Tend to hospitals' labor shortage now

May 23, 2002|By Cal Pierson

THE BURDENS on hospitals, both in Maryland and across the nation, keep growing.

Since Sept. 11 and the subsequent anthrax scare, hospitals have assumed a new role in preparing for unexpected calamities as part of the homeland defense strategy. This comes on top of a rapid rise in the number of patients in need of hospital and emergency room care across the country.

Consequently, hospitals face severe shortages of skilled employees in key areas. Sadly, the situation is getting worse, not better.

The latest Maryland Hospital Association annual personnel survey indicates a growing shortage of nurses, who are a key component in providing quality patient care.

The hospital vacancy rate for registered nurses grew in just one year from 13.9 percent to 15.6 percent. We now need 2,000 additional hospital-based nurses.

And the work force shortage in hospitals is not limited to registered nurses. Of the 42 hospital job categories surveyed by MHA, 18 categories had vacancy rates above 10 percent. The most severe shortages were in all nursing positions, radiation therapy technicians (21 percent) and radiographers (14.6 percent).

There's also a high number of unfilled jobs in hospital laboratories, medical records departments and respiratory therapy units.

At the same time, hospitals have been feeling the financial strain as the cost of providing care has outpaced what health insurers and the government pay. Personnel shortages have forced many hospitals to offer bonuses, incentives and higher salaries to fill these vacancies.

Yet it's a losing scenario for many hospitals. In the last fiscal year, 18 of Maryland's 52 acute-care hospitals sustained operating losses. The overall operating margin for Maryland hospitals was a mere 1.3 percent, leaving the state's hospitals in fragile financial condition.

The most pressing personnel need is for nurses, who constitute half of all hospital employees. Experienced RNs are retiring in droves, and there aren't nearly enough new graduates coming out of our schools of nursing. The shortage could reach 450,000 nationally by 2008 if more isn't done.

There is a bill in Congress, co-sponsored by Sen. Barbara Mikulski of Maryland, that would offer incentives for men and women joining the nursing profession through scholarships, public school outreach, mentoring and a national Nurse Service Corps. That bill, though, remains hung up in a House-Senate conference committee.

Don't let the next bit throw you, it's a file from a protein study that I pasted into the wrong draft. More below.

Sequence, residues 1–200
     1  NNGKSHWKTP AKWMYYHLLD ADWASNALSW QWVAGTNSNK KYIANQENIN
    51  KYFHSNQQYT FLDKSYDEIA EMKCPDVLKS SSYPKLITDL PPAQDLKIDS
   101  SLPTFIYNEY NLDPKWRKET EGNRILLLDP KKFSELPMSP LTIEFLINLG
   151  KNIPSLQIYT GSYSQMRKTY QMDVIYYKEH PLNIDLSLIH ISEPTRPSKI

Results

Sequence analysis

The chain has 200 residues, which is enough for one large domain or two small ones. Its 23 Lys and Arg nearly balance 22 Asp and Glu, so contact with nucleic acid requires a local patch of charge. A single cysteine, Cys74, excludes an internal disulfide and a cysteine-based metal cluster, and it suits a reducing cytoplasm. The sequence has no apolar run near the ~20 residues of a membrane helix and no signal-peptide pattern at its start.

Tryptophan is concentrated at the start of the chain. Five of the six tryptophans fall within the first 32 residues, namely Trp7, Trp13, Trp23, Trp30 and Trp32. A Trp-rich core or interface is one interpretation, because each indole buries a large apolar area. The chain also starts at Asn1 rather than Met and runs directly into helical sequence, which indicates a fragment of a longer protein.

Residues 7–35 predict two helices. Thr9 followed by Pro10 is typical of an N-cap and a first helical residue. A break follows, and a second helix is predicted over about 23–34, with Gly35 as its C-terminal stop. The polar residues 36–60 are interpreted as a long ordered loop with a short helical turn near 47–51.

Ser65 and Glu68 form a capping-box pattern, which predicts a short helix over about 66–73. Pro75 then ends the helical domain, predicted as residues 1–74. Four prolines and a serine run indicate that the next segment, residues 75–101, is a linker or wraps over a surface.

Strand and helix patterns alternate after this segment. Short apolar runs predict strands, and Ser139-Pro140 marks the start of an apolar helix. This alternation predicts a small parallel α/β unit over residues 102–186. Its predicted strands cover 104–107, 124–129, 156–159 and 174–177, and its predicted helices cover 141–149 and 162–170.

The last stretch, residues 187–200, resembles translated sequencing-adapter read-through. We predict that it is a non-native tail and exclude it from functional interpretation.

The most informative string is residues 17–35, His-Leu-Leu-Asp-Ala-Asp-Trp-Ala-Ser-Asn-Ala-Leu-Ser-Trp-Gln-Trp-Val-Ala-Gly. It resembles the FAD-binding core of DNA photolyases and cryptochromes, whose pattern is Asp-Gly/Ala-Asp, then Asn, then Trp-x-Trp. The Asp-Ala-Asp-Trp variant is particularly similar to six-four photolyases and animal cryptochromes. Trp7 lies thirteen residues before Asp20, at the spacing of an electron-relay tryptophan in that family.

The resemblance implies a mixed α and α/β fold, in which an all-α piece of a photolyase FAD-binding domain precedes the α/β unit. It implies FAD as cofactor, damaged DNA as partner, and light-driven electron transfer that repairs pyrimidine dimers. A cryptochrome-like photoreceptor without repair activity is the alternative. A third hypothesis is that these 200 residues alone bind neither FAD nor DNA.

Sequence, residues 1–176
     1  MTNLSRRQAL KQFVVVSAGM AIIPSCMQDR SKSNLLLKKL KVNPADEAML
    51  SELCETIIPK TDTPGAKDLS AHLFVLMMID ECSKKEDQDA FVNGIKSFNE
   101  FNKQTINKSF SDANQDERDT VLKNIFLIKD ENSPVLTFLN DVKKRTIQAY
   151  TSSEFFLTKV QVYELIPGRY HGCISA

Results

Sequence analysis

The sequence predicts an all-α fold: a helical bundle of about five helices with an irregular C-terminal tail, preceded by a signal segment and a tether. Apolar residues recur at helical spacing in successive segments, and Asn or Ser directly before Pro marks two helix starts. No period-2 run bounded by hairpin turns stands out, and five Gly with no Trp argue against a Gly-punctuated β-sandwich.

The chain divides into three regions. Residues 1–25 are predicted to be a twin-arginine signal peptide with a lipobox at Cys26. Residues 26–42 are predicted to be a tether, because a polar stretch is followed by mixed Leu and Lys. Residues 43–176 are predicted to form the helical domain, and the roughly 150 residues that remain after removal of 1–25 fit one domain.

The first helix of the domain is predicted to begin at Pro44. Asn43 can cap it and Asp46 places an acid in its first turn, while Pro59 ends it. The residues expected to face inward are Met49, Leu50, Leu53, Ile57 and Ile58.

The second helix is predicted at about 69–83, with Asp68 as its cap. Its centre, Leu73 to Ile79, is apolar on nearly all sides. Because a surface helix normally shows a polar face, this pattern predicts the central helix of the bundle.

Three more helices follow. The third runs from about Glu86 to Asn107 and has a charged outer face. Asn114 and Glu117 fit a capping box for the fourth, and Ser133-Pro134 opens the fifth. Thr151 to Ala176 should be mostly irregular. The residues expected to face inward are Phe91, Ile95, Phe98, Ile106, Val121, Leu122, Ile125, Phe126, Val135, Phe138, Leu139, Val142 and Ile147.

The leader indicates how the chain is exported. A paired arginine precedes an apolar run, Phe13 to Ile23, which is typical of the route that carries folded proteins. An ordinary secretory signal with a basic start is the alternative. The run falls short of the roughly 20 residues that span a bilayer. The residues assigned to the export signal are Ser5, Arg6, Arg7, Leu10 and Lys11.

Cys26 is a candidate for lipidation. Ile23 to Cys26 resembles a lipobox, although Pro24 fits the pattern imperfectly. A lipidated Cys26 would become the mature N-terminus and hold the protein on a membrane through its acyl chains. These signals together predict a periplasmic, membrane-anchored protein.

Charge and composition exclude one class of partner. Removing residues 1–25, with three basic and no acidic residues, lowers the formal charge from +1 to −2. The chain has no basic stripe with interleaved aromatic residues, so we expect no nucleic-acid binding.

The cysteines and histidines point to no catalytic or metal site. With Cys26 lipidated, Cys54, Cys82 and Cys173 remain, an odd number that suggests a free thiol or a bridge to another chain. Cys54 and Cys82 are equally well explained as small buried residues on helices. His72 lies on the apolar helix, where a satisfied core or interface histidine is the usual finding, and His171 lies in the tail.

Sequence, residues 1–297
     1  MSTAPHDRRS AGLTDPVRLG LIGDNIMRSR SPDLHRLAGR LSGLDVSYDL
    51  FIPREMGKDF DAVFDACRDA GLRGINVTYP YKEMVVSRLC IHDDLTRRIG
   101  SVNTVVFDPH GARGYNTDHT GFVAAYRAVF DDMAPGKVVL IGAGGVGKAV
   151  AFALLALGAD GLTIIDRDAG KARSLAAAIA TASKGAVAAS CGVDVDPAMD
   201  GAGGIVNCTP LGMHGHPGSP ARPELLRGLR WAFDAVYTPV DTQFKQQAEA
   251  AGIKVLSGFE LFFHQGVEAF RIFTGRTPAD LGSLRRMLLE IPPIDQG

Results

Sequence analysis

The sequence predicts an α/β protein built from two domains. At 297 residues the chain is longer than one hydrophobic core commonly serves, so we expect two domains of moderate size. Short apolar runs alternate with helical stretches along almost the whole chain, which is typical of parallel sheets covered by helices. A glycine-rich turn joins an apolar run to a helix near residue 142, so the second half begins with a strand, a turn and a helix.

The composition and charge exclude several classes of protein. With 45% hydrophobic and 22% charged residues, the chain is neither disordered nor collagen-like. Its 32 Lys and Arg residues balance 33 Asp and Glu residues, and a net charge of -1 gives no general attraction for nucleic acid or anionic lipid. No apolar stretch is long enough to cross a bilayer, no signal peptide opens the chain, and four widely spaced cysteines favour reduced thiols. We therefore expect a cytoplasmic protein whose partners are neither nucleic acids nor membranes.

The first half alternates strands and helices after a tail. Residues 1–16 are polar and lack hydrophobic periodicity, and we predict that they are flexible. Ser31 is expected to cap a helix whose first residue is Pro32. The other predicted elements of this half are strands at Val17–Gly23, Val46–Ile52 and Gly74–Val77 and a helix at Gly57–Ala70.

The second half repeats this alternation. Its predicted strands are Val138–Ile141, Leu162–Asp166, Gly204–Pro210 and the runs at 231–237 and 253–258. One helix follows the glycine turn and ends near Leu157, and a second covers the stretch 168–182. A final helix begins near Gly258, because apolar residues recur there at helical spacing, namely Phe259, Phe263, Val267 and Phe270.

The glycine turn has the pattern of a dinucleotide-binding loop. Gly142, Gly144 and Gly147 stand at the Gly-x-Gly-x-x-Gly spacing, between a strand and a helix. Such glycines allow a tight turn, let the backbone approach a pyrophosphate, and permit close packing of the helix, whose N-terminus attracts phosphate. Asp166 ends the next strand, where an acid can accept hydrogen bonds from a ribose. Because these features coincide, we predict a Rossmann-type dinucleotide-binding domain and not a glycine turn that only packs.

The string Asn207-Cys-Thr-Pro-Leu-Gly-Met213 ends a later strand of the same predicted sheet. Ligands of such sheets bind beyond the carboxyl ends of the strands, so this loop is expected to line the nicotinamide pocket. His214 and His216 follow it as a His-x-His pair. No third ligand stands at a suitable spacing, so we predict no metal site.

Most Maryland hospitals are working to turn this around. They have put together attractive financial and benefits packages for nurses and are implementing positive changes in the workplace.

They also are working with others to get the word out that nursing is a promising and financially rewarding career.

The U.S. Bureau of Labor Statistics confirms this. It lists nursing as one of the "hottest" careers of the future. And no wonder: According to the Nursing Management Salary Survey of 2001, the average starting pay nationally for entry-level nurses ranged from $16 to $17.70 per hour -- and this doesn't include hefty shift and weekend differentials, overtime or substantially higher rates for more experienced nurses.

Until these vacancies are filled, Maryland hospitals have to compensate without sacrificing patient care. Technology has been used to handle labor-intensive chores, save time and minimize errors, for instance, in dispensing medications.

Legislators -- both in Annapolis and in Washington -- regulators, educators and others must work together with hospitals to help make these professions hot careers. We need to spread the word that there is no greater job than being part of a community institution whose prime role is saving lives and healing the sick.

Cal Pierson is president of the Maryland Hospital Association.

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